2 Philadelphia Companies Shine at APAP 2016

KYL Photo cregit Maggie Zhao
Kun-Yang Lin/Dancers photo credit: Maggie Zhao

by Gregory King, Visiting Assistant Professor of Dance at Swarthmore College for The Dance Journal

In 1957, the Organization of College and University Managers (OCUM) was formed to address the educational roles of the arts on College campuses. As the membership expanded to a variety of other organization, there was an inevitable name change to the Association of College and University and Community Arts Administrators (ACUCAA) in 1973. By the mid 80s, colleges and universities no longer had dominant memberships, prompting another name change to Association of Performing Arts Presenters (APAP) in 1988.

Today, APAP continues to provide a wide range of services to industry professionals by offering resources and presenting individual artists and professionals in the field, at national venues.

On Friday January 15th, members of Koresh Dance Company and Kun-Yang Lin/Dancers (KYL), performed in a APAP showing, demonstrating the on going jostle for dance to be sponsored, supported and presented – even if the company is 25years old.

Vanessa and Bob_Photo credit Frank Bicking
photo credit: Frank Bicking

The dancers of Koresh performed excerpts from the company’s repertoire but also whet the appetite of potential presenters with a preview of their new work 23:Deconstructing Mozart set to premiere on March 10th, at The Suzanne Roberts Theatre. The company showed why they are one of Philadelphia’s best by giving life to the pulsating rhythms of the music, allowing that earthiness to seamlessly combine with the ballet based vocabulary of Koresh’s choreography. The seasoned dancers energized the space and new member Vanessa Guinto, held her own next to company veterans Melissa Rector and Robert Tyler.

While Koresh’s choreography was intensely physical, Lin’s works were deeply inspired by the traditions and aesthetic of Eastern Asia and had a more tranquil appeal. As an ensemble, the dancers of KYL were hyper aware as they moved with ease and precision, working as a unit to maintain the integrity of the work. They too also previewed a new work Dreamscape, one of a trilogy of new works commissioned by Grand Valley State University and set to premiere in Philadelphia at The Prince Theater on April 14th.

What struck me as I watched these two companies, was how their cultural identities (Koresh from Israel and Lin from Taiwan) shaped the content of their work. This reinforced my belief that dance is a language that connects by breaking down barriers.

Although aesthetically contrasting and stylistically different, the two companies had things in common; gifted dancers, engaging repertory, and choreographers who continue to strengthen the field by offering relevant, attention-grabbing, and sometimes controversial work that should be seen nationally.

While a respected platform, I’ve often wondered if APAP serves its purpose of providing support and exposure– especially to companies that refuse to adhere to popular aesthetics and lack commercial appeal. I continue to wrestle with the possibility that presenters may be seduced by companies that align themselves with the mainstream and in so doing overlook those that encourage ingenuity and fuel discourse that promotes dance as a vehicle that can be used to tackle issues of race, class, and gender.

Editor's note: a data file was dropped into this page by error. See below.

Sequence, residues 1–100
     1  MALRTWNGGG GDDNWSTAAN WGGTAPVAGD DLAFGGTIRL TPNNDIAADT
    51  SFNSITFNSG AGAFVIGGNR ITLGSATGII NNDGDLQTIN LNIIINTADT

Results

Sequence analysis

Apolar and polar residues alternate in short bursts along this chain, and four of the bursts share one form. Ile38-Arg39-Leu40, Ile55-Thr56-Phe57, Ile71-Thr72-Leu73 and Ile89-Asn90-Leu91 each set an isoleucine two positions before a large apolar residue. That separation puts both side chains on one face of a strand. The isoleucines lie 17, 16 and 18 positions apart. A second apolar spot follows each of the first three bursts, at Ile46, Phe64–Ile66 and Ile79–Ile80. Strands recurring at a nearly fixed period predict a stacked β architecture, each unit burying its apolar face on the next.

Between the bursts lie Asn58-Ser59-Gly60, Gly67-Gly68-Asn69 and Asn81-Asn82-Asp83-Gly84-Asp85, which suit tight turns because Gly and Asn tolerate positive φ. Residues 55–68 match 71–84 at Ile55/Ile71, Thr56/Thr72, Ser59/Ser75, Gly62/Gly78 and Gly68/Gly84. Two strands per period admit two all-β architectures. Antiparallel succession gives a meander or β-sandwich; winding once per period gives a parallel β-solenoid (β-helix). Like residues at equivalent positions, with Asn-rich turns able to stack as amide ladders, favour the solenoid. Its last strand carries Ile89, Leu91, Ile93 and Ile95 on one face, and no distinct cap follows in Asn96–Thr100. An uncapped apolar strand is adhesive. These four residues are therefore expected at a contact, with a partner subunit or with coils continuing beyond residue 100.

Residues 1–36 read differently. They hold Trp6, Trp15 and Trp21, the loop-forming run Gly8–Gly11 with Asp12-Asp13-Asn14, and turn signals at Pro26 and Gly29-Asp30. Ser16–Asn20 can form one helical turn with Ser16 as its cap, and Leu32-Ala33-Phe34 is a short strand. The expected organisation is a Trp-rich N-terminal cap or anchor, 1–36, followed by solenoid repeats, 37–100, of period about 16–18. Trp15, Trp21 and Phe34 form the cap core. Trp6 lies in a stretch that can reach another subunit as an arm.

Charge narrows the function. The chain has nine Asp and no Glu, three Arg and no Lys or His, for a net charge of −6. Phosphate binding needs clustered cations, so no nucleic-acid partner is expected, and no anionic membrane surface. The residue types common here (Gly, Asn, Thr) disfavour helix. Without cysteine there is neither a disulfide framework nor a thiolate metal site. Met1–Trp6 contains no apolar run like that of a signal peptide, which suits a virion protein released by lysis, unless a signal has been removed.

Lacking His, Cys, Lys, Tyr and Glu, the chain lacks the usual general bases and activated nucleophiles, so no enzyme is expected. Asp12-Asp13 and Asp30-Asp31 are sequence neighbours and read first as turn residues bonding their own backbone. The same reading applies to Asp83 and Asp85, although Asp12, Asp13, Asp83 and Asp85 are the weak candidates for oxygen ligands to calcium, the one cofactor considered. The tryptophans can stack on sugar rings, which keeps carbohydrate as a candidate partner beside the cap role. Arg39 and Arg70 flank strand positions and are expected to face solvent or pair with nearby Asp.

About Gregory King

Gregory King received his MFA in Choreographic Practice and Theory from Southern Methodist University. In addition, he is certified in Elementary Labanotation. His dance training began in Washington DC at the Washington Ballet and later at American University. He went on to participate in the Horton Project in conjunction with the Library of Congress. His training continued at the prestigious institutions such as The Dance Theatre of Harlem and The Alvin Ailey School. Gregory has performed with The Washington Ballet, Rebecca Kelly Ballet, Erick Hawkins Dance Company, New York Theatre Ballet, Donald Byrd /The Group, The Metropolitan Opera Ballet, New York City Opera, and Disney’s The Lion King on Broadway.

His desire to integrate social activism into his choreography began with his graduate thesis, where he used the platform to push the conversation about homophobia and heterosexism. He is a lover of movement exploration and describes his aesthetic as a classical base with a theatrical flair.

He has taught at Boston Ballet, Boston Conservatory, Boston University, Bowdoin College, Dallas Black Dance Theatre and Texas Ballet Theatre. Additionally, he has served as a teaching artist in public schools in and around Dallas, as Resident Guest artist at Temple University and Assistant Professor of Dance at Dean College. Recently, Gregory received the Excellence in Teaching Award from the National Society of Leadership and Success. He is currently a Visiting Professor of Dance and Consortium on Faculty Diversity Fellow at Swarthmore College where he teaches Modern and continues to use his choreography as a means for social change.

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1 Comment

  1. I enjoyed your writing very much.I am a fan of Koresh Dance and Roni and I were in a company together decades ago.
    I agree that dance can, should and does tackle issues that seem difficult to discuss. I appreciate you bringing to light how important it is to recognize those artists who are. Thank you.

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